By Jesse Kraft for American Numismatic Society (ANS) ……
Prior to the adoption of the United States dollar with the Mint Act of 1792, the circulating medium in the young country was a mess. It was a mess during the colonial period and, quite honestly, it was a mess for decades thereafter. Well into the 19th century, a variety of foreign coinage circulated in the United States. With names such as real de a ocho or peso fuerte—names given to them in their place of origin—these coins would not have been able to circulate in the country. A name change was required in order for both consumers and merchants to understand their value.
Through trade and immigration, Spanish-American coinage began to enter the British colonies of North America in the early 17th century (Fig. 1).
Because it was British leaders and subjects who governed the colonies, these coins were valued in British monetary terms of shillings and pence. For a number of reasons that largely revolved around scarcity and a desire to keep what coins entered the colonies from leaving the colonies, these coins were often given higher values than in England. In the motherland, a Spanish dollar was evaluated at the rate of 4 shillings 6 pence, its true value in terms of weight and fineness when compared to the coinage of the pound sterling. Meanwhile, an ordinance in New York from 1675 gave these coins the much higher value of 6 shillings and 6 pence, while in the Mid-Atlantic states, they were valued at 5 shillings.
Beginning in 1690 in Massachusetts, however, and spreading through different colonies throughout the early 18th century, paper currency was introduced, often in large numbers, and upset these values even further. Paper currency quickly overtook the defining quality of the values between dollar and shilling in the colonies, since the paper currency was denominated in shillings and pence, while the dominant hard currency remained to be the Spanish dollar or its fractional pieces.
From this point forward, whenever a value is given in pound, shilling, or pence in North America, they are no longer talking about the British pound sterling, but about individual colonial monetary systems that were independent of both the motherland and of each other. Much like there is a U.S. dollar, a Canadian dollar, a Jamaican dollar, a Hong Kong dollar, and so on, there were separate monetary systems that existed in different regions or colonies. However, these differing systems never actually saw physical coinage struck. Instead, they were all units of account, also known as “ghost coinages”.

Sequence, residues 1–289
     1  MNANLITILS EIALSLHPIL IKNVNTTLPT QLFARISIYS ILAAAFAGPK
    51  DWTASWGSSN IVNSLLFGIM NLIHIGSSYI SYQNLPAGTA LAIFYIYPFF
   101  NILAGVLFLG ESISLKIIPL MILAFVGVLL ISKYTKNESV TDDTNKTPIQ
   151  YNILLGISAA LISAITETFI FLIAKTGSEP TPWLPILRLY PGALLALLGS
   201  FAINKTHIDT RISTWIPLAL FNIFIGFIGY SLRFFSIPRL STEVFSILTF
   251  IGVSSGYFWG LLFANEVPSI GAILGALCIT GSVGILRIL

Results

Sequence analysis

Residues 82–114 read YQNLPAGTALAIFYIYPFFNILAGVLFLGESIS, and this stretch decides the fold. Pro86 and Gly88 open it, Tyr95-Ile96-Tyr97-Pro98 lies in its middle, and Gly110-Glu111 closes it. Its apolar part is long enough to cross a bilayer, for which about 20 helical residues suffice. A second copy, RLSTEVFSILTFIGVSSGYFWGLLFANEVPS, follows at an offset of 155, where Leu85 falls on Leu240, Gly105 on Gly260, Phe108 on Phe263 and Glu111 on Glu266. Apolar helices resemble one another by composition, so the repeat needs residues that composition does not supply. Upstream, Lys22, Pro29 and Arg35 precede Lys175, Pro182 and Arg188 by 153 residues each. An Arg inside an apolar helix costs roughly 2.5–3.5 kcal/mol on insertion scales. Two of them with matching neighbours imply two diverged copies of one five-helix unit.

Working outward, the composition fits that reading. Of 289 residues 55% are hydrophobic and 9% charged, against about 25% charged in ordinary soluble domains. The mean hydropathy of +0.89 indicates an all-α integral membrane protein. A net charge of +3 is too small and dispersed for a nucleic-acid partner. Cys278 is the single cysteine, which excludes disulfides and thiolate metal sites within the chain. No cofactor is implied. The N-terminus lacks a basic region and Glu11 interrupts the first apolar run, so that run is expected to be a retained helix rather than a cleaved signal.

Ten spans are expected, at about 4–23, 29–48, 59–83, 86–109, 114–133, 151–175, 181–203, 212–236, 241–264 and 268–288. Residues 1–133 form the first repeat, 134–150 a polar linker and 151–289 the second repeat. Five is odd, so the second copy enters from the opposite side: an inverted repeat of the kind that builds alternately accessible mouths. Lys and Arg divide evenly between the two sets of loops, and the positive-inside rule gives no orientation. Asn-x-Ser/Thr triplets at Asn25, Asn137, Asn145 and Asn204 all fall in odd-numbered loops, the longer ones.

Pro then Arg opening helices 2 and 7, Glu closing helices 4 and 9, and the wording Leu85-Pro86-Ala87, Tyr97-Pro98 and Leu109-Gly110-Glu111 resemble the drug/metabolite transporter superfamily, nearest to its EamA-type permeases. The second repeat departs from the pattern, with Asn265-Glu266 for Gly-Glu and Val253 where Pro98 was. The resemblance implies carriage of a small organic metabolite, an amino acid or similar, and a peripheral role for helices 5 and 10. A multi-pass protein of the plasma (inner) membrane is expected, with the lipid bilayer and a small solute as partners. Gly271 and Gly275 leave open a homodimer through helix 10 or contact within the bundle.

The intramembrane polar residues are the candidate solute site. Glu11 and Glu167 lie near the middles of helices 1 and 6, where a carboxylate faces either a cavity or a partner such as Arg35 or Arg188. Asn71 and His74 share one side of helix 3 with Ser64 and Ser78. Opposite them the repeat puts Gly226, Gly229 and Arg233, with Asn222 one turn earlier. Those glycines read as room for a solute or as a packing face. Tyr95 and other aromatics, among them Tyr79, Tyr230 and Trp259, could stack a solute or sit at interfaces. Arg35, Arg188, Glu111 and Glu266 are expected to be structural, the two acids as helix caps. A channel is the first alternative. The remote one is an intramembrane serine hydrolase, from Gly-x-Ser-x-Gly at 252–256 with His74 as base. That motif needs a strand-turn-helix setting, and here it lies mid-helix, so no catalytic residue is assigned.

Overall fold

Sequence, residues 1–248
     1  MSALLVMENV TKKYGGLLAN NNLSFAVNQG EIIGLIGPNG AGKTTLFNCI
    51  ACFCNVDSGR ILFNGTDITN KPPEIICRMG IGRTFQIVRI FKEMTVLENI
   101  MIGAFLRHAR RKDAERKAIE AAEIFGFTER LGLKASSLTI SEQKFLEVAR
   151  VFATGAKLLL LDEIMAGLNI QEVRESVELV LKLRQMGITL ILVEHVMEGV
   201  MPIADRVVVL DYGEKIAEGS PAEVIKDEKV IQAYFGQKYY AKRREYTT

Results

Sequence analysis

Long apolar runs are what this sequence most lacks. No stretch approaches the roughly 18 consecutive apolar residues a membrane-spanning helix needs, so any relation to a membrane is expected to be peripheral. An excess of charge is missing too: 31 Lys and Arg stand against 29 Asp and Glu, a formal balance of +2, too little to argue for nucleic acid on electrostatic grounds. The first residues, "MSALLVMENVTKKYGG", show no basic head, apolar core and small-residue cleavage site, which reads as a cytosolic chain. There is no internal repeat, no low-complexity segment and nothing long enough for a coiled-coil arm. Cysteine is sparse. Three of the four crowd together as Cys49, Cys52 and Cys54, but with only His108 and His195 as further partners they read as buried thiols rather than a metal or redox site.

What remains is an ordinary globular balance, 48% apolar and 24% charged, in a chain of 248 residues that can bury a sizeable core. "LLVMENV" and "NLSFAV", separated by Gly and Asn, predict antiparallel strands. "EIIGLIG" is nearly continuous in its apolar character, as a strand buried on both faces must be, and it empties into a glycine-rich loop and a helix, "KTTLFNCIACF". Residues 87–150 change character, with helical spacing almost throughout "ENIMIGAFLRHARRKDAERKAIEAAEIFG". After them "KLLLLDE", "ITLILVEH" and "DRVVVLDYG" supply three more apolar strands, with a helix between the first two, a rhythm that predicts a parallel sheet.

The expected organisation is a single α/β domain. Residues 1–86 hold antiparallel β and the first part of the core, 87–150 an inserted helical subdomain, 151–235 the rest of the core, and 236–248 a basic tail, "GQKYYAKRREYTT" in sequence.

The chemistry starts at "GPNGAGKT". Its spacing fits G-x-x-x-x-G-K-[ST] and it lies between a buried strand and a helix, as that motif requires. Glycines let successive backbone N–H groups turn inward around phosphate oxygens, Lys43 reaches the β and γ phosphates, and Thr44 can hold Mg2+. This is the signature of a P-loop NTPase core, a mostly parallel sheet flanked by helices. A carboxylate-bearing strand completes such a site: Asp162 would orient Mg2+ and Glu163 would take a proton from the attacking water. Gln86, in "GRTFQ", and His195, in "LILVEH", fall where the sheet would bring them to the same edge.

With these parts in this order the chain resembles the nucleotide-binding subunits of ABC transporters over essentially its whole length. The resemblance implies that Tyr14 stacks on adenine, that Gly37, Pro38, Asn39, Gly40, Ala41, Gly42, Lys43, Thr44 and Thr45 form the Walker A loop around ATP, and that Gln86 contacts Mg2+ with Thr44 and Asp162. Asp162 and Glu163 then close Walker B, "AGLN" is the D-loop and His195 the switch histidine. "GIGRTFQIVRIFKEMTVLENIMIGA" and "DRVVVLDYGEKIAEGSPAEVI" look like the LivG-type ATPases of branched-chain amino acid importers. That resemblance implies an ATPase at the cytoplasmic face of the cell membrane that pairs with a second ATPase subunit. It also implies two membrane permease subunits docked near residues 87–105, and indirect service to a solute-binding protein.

Leading up to the American Revolution, the ratios between Spanish dollars and the various colonial systems has settled, no longer heavily affected by inflation (with the exception of South Carolina, which still faced heavy ups-and-downs, and also all of the regions during the Revolution itself, when everything saw inflationary measures). However, Fig. 2 shows the basic differences between the different shilling systems under normal circumstances, along with their equivalents under the United States decimal system, as these names existed well into the 19th century.
It should be noted that, despite using like names albeit with different values, a dollar was still a dollar. Something that was sold for six shillings in Connecticut would be sold for eight shillings in New York. This did not mean that a person actually paid more money for that—a person from New York would not save money if they traveled to Connecticut to purchase the same item—as the conversion between the two sums both equaled one dollar. Rather, this system affected how dollars were divided into fractions, rather than how objects were priced in multiples. When traveling from colony to colony or, later, from state to state, individuals often faced problems when it came to the respective currencies (Fig. 3).